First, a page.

How collating sequences determine sort orders
A collating sequence determines the sort order of the characters in a coded character set.
A character set is the aggregate of characters that are used in a computer system or programming language. In a coded character set, each character is assigned to a different number within the range of 0 to 255 (or the hexadecimal equivalent thereof). The numbers are called code points; the assignments of numbers to characters in a set are collectively called a code page.
In addition to being assigned to a character, a code point can be mapped to the character's position in a sort order. In technical terms, then, a collating sequence is the collective mapping of a character set's code points to the sort order positions of the set's characters. A character's position is represented by a number; this number is called the weight of the character. In the simplest collating sequence, called an identity sequence, the weights are identical to the code points.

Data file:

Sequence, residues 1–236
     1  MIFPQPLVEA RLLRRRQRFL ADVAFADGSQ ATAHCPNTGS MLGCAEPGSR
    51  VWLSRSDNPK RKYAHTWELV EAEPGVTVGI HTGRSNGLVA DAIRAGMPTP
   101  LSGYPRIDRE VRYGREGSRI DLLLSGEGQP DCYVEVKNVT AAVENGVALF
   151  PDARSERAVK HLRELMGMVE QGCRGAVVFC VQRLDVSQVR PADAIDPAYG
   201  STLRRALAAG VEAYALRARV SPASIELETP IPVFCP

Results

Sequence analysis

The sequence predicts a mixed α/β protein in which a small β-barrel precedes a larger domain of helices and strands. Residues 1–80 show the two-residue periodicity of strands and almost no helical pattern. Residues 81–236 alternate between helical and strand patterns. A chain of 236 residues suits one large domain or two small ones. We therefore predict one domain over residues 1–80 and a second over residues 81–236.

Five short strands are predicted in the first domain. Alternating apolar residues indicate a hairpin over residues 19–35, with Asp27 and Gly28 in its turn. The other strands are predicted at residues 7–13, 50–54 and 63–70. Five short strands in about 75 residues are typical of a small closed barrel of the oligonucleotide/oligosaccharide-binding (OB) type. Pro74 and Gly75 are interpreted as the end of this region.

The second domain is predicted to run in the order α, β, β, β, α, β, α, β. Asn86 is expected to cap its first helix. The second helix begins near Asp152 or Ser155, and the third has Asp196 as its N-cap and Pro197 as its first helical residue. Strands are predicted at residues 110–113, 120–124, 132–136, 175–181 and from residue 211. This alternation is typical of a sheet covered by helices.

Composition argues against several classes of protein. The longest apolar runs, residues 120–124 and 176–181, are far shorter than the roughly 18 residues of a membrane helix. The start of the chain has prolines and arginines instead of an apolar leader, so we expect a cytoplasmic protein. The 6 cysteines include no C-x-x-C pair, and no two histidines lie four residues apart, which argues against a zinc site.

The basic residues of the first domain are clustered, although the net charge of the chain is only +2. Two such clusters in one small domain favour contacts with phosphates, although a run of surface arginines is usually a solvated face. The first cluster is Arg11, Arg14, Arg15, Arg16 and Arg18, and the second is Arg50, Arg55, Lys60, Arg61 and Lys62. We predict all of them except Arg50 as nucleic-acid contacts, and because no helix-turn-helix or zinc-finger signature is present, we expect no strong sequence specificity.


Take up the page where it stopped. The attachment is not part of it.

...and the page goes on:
Example: Database ALPHA uses the default collating sequence of the EBCDIC code page. Database BETA uses the default collating sequence of the ASCII code page. Sort orders for character strings at these two databases would differ:
SELECT..... ORDER BY COL2 EBCDIC-Based Sort ASCII-Based Sort COL2 COL2 ---- ---- V1G 7AB Y2W V1G 7AB Y2W
Example: Similarly, character comparisons in a database depend on the collating sequence defined for that database. Database ALPHA uses the default collating sequence of the EBCDIC code page. Database BETA uses the default collating sequence of the ASCII code page. Character comparisons at these two databases would yield different results:
SELECT..... WHERE COL2 > 'TT3' EBCDIC-Based Results ASCII-Based Results COL2 COL2 ---- ---- TW4 TW4 X82 X82 39G